At the heart of our work is a strong belief in the merit of a diagnostic learning environment—one in which learners and learning are the focus and instruction respects and attends to developing individual learner’s thinking and understanding. The term “facet,” coined by Jim Minstrell in 1987 suggests this attention to the detail as it refers to the individual pieces of knowledge that all of us as learners use to construct understanding in a given situation.
A facet-based approach to learning recognizes that the complexity of teaching and learning cannot be rendered in a simple “right / wrong” scenario. Effective instruction at every age carefully considers the learner’s context, including prior knowledge and different ways of knowing and expressing knowledge. Consequently, we stress formative processes (from classroom assessment to program evaluation) in all areas of our work. We recognize cultural sensitivity and responsiveness as an integral part of approaching learning in all our work arenas in a “diagnostic” way.
Facets of student thinking
Facets of student thinking and the facet clusters are a framework for organizing the research on student conceptions in a way that is understandable to both discipline experts and teachers. Facets of student thinking assumes a "knowledge in pieces" perspective. However, those pieces are generally not as small as the phenomenological primitives (p-prims) used by diSessa (1993) and not as large as the "naive theories" suggested by McCloskey (1981.)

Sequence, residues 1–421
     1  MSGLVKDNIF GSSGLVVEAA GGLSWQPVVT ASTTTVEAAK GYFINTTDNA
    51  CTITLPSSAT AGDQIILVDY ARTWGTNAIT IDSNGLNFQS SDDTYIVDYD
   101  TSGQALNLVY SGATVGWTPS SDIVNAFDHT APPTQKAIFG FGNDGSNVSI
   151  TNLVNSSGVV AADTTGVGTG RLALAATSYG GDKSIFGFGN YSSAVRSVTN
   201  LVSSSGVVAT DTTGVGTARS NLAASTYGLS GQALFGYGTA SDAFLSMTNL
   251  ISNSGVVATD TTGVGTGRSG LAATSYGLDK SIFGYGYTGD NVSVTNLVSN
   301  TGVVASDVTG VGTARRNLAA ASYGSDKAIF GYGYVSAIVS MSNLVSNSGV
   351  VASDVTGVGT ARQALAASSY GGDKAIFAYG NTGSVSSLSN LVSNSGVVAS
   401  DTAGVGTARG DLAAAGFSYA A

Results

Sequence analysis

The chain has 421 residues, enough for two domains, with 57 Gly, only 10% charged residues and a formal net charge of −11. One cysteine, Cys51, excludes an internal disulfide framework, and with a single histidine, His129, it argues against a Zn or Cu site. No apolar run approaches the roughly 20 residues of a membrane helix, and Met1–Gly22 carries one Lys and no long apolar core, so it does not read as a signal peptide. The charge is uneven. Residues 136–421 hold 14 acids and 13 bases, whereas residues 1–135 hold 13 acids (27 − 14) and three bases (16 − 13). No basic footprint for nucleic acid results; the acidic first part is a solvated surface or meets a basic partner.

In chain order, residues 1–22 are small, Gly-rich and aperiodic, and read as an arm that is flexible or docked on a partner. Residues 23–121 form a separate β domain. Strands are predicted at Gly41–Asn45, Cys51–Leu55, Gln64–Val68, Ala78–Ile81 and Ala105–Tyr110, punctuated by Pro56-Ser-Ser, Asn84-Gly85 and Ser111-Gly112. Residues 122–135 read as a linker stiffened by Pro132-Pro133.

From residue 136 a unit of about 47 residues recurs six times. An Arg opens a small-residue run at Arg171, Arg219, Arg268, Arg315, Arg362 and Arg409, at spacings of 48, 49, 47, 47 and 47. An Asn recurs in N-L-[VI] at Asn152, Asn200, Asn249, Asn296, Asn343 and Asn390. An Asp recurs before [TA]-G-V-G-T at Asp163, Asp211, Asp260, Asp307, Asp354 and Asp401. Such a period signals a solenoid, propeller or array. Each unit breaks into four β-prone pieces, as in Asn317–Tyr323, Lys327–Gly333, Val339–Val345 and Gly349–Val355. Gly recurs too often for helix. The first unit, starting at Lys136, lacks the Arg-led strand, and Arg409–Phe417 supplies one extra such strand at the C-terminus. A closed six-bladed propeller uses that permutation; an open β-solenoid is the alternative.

Facets are individual pieces or a few small pieces of knowledge and/or strategies of reasoning, which were derived from research on students' thinking and from classroom observations by teachers. They are only slight generalizations from what learners actually say or do, which makes them convenient units of thought for teachers and developers of assessment and curriculum materials as they make instructional decisions. Some facets are generic ("more is more") while others are content specific or strategic. The value of individual facets to the learner is frequently context dependent. Facet clusters are a sets of related facets grouped around explaining or interpreting a situation such as forces on interacting objects or around some conceptual idea like the meaning of average velocity. Facet clusters include the explicit learning goals in addition to associated reasoning, conceptual, and procedural difficulties. Each cluster builds up from the intuitive ideas students have toward the targets of learning. A full explanation and inventory of facets and facet clusters can be found at Diagnoser.com.